Lyme disease is a serious tick-borne illness caused by bacteria of the genus Borrelia, corkscrew-shaped spirochetes. Symptoms include fatigue, chills, fever, headache, muscle and joint aches, and swollen lymph nodes, and sometimes a bulls-eye rash. If not diagnosed and promptly treated with antibiotics, later stage Lyme progresses to increasingly debilitating symptoms. These symptoms may include Bell’s palsy, meningitis, pain and swelling in the large joints, sleep disturbances, and/or Lyme carditis.1 Although CDC estimates about 10 to 20% of patients report continuing symptoms after treatment, or Post Treatment Lyme Disease Syndrome (PTLDS), other researchers believe the percentage is higher.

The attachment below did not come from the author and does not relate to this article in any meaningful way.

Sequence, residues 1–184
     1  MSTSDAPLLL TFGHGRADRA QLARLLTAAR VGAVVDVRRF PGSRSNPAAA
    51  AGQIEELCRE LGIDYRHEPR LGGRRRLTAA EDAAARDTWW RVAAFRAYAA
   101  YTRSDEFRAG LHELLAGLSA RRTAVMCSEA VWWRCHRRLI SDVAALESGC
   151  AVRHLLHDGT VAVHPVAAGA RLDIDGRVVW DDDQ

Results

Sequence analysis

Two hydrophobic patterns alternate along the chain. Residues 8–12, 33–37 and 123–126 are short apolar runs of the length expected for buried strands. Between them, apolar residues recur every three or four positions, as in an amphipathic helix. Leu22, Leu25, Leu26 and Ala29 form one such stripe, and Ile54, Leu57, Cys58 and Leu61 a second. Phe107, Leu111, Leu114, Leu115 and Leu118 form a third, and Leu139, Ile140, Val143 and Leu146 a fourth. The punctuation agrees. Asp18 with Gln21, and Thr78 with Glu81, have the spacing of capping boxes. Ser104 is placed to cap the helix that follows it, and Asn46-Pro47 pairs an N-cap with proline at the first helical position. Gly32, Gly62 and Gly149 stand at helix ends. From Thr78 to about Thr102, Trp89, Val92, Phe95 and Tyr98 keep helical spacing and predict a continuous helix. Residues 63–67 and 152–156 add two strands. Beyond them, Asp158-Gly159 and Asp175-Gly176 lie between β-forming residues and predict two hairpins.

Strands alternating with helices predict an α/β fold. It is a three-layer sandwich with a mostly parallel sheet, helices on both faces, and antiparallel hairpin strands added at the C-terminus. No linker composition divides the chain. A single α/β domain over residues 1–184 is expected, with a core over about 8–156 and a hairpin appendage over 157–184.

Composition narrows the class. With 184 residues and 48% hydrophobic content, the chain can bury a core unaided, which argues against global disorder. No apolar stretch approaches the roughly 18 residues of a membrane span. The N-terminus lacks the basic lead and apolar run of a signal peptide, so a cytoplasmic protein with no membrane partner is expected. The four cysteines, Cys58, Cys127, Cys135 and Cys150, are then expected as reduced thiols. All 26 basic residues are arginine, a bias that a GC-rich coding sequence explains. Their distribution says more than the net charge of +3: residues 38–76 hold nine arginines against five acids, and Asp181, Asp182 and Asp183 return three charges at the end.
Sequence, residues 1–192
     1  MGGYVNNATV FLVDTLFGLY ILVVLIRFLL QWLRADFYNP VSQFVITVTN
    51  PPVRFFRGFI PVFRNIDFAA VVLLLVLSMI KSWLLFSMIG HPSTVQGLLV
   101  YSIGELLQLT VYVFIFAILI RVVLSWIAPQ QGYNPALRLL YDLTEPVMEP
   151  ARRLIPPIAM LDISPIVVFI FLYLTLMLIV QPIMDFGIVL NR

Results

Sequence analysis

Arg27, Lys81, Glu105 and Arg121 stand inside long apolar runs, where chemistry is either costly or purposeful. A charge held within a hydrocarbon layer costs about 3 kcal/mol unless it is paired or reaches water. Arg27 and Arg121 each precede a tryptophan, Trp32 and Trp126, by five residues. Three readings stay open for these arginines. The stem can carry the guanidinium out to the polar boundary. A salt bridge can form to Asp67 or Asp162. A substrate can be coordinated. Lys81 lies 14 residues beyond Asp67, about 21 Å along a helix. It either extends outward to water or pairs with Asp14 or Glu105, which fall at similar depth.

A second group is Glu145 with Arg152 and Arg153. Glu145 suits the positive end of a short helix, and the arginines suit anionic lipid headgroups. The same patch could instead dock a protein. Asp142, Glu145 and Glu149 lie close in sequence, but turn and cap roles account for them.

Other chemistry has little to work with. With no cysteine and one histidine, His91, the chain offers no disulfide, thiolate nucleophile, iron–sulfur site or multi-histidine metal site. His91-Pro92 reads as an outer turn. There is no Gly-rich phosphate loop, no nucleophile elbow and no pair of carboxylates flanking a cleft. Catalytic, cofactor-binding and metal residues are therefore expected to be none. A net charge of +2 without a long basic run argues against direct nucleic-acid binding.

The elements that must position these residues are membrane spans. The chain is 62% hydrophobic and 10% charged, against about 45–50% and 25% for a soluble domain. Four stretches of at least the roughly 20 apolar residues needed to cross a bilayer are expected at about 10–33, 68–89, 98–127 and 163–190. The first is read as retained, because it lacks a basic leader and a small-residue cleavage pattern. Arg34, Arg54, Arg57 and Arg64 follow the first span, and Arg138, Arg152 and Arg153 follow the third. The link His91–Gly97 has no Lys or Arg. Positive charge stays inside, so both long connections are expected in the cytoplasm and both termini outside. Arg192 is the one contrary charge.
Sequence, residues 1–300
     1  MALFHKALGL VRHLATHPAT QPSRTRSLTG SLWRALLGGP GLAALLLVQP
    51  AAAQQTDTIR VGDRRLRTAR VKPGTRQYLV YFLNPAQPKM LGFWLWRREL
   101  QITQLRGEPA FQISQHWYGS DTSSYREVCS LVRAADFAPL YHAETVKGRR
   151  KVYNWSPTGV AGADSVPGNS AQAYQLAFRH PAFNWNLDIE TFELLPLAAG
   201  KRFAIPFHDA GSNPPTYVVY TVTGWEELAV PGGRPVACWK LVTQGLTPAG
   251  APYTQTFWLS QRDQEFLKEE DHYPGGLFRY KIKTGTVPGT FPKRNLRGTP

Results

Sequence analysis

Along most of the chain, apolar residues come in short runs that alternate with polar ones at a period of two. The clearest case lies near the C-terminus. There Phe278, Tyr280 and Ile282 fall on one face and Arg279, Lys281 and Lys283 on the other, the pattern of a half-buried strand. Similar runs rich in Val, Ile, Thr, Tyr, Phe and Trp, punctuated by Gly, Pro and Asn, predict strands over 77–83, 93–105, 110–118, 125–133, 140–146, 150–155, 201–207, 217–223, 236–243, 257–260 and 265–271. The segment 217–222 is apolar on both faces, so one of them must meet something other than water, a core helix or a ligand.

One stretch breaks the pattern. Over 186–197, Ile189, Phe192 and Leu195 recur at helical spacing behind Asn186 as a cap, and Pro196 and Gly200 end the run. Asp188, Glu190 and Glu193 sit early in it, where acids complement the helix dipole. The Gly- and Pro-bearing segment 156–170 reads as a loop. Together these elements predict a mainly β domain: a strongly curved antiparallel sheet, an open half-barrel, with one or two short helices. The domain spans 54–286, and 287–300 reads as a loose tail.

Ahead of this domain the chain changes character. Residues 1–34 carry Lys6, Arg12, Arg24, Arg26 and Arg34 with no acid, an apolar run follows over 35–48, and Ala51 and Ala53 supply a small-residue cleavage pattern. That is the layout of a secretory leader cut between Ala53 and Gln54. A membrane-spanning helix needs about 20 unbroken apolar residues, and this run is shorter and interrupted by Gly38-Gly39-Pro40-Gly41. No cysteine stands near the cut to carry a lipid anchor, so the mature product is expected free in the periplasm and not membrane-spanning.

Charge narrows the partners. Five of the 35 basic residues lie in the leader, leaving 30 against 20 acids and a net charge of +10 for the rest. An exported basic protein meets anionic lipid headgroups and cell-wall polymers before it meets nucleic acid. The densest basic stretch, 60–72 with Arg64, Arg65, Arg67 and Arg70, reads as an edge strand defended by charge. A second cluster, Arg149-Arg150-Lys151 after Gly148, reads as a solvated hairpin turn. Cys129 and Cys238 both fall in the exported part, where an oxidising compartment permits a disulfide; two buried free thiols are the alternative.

To answer the questions that matter most, we need to identify them and we need to frame them properly. Many of the most critical questions in regards to Lyme disease diagnosis and treatment in our region are not being asked (at least not when, where, or by whom they need to be), are not well framed, are based on poor assumptions, or are all of the above.
In cases where there is information patients don’t have access to, or haven’t found, that would answer these questions, the questions are still essential in seeking it, finding it, or asking for it, as well as for assessing it.
Ticks, it turns out, are a prime example of unasked questions impacting and inhibiting patient care (directly and indirectly, as there are additional paramount influences further discussed in later articles).